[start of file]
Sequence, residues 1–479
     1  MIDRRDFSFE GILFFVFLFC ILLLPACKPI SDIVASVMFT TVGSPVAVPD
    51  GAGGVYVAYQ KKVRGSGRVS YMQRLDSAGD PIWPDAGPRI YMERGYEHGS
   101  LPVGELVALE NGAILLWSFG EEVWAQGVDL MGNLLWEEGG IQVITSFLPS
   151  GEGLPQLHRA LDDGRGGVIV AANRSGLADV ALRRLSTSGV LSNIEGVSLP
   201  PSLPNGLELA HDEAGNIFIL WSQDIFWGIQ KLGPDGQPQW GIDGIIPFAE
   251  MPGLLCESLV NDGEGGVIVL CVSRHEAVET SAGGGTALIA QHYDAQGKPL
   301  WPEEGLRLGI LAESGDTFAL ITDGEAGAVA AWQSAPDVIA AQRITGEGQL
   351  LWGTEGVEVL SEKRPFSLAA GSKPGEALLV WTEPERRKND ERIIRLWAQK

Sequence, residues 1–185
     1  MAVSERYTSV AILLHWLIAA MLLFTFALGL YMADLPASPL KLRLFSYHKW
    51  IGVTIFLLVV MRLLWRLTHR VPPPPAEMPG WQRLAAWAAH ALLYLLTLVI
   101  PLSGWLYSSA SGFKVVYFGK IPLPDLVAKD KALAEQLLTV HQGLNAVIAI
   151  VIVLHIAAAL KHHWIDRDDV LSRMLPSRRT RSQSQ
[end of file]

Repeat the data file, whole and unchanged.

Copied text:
Sequence, residues 1–479
     1  MIDRRDFSFE GILFFVFLFC ILLLPACKPI SDIVASVMFT TVGSPVAVPD
    51  GAGGVYVAYQ KKVRGSGRVS YMQRLDSAGD PIWPDAGPRI YMERGYEHGS
   101  LPVGELVALE NGAILLWSFG EEVWAQGVDL MGNLLWEEGG IQVITSFLPS
   151  GEGLPQLHRA LDDGRGGVIV AANRSGLADV ALRRLSTSGV LSNIEGVSLP
   201  PSLPNGLELA HDEAGNIFIL WSQDIFWGIQ KLGPDGQPQW GIDGIIPFAE
   251  MPGLLCESLV NDGEGGVIVL CVSRHEAVET SAGGGTALIA QHYDAQGKPL
   301  WPEEGLRLGI LAESGDTFAL ITDGEAGAVA AWQSAPDVIA AQRITGEGQL
   351  LWGTEGVEVL SEKRPFSLAA GSKPGEALLV WTEPERRKND ERIIRLWAQK

Sequence, residues 1–185
     1  MAVSERYTSV AILLHWLIAA MLLFTFALGL YMADLPASPL KLRLFSYHKW
    51  IGVTIFLLVV MRLLWRLTHR VPPPPAEMPG WQRLAAWAAH ALLYLLTLVI
   101  PLSGWLYSSA SGFKVVYFGK IPLPDLVAKD KALAEQLLTV HQGLNAVIAI
   151  VIVLHIAAAL KHHWIDRDDV LSRMLPSRRT RSQSQ